Regular readers know what I blog about most: Rule 1.1 and the duty to provide clients with competent representation.
I am a firm believer that in order to satisfy that duty, you must act competently to take care of yourself.
Here’s what I mean.
Last month, I posted on Anxiety, Stress, and Work-Life Balance. The post includes a quote from Jeena’s Cho’s ABA Journal article Talking about the elephant in the room – social anxiety. She wrote:
“Finally, remember: ‘Secure your own oxygen mask before assisting others.’ ”
Jeena’s article was in response to the New York Times article The Lawyer, The Addict. I also blogged in response to NYT article: Lawyers Helping Lawyers: Keep it on the Front Burner.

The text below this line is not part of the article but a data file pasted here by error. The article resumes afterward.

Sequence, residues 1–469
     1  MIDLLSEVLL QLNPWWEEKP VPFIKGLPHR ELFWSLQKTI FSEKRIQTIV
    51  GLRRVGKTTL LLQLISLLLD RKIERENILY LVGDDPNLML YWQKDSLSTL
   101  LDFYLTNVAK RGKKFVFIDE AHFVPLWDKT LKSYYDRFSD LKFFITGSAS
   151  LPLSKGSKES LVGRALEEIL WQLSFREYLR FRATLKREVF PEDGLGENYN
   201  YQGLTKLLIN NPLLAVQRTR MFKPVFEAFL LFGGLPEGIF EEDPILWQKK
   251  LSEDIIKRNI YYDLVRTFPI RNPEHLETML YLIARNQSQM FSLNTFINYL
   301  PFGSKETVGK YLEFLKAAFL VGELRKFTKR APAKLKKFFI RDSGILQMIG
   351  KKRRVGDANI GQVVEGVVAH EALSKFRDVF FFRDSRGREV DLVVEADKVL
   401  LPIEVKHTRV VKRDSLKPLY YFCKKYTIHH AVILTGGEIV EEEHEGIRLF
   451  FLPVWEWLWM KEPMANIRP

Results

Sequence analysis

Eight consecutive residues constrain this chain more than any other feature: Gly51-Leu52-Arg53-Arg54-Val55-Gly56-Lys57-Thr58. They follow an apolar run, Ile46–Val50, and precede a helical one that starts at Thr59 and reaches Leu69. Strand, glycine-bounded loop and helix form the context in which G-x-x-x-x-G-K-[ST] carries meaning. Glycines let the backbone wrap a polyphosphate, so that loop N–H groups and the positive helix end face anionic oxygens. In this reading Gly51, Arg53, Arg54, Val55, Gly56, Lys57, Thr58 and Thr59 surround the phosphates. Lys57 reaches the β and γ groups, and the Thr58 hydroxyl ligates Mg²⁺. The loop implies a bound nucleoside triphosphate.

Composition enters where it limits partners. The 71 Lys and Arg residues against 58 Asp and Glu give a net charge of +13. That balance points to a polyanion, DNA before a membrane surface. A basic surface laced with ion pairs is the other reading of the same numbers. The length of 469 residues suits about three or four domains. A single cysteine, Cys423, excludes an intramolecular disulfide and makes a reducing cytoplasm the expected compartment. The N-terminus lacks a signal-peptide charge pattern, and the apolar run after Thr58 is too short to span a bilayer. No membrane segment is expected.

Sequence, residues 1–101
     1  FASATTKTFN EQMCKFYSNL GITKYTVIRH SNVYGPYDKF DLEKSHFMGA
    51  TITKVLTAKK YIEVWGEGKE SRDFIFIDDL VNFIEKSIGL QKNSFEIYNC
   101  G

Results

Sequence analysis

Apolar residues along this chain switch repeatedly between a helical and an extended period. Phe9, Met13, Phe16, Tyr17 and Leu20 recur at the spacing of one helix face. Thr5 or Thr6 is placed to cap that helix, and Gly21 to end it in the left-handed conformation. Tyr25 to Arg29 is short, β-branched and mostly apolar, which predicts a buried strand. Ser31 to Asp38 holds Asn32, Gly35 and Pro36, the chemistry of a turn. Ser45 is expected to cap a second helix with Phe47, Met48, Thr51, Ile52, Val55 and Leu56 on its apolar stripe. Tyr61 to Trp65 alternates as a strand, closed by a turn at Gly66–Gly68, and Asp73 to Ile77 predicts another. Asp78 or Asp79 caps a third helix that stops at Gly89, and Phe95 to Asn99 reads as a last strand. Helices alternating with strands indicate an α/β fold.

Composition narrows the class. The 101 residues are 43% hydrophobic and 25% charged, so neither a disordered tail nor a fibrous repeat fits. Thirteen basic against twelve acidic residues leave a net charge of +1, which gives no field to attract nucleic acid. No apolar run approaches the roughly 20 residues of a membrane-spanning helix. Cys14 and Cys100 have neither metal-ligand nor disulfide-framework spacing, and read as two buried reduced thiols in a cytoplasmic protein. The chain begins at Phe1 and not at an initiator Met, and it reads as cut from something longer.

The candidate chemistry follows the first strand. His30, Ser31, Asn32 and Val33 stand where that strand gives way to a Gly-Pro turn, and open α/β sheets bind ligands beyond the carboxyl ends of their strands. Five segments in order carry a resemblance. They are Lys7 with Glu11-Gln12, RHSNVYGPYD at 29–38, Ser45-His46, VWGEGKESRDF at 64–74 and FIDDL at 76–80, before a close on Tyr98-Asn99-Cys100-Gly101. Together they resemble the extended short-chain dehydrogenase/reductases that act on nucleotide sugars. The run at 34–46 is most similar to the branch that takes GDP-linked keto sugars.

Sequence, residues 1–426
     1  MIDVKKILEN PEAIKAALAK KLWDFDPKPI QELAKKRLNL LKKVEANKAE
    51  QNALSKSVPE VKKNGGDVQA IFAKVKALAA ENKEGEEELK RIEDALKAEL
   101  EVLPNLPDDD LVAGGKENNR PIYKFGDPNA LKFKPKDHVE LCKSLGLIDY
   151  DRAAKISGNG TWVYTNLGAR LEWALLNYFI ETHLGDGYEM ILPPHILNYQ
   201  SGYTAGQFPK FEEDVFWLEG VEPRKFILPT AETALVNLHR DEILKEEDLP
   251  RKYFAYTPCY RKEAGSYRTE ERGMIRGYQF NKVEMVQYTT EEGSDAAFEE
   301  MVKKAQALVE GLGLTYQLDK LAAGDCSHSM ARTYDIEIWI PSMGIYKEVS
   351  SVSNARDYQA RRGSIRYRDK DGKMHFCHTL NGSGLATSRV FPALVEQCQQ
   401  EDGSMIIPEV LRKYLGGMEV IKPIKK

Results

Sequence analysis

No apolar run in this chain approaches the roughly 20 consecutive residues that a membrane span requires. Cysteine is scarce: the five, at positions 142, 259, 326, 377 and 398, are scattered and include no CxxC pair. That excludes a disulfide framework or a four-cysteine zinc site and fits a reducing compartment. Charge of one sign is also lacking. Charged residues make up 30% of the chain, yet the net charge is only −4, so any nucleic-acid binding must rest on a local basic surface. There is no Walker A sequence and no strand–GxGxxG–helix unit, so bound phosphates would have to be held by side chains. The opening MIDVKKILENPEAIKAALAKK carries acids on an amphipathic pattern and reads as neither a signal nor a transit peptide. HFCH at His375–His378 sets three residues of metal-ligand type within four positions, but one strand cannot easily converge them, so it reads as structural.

To Jeena’s point about securing your oxygen mask before assisting others, let’s add Tracy Richelle High’s tips in the most recent ABA Journal: 10 ways to make time for the things that matter. The tips are fantastic. You should read them. In my view, Tracy nails it in her first paragraph:
“But the answer is quite simple: You make time for the things that matter. Period.”
As a profession, we talk a lot about access to justice & access to legal services. As I see it, lawyer well-being is an access issue. Access to legal services requires a full complement of healthy and competent lawyers.
Make time for yourself. It’s not unethical.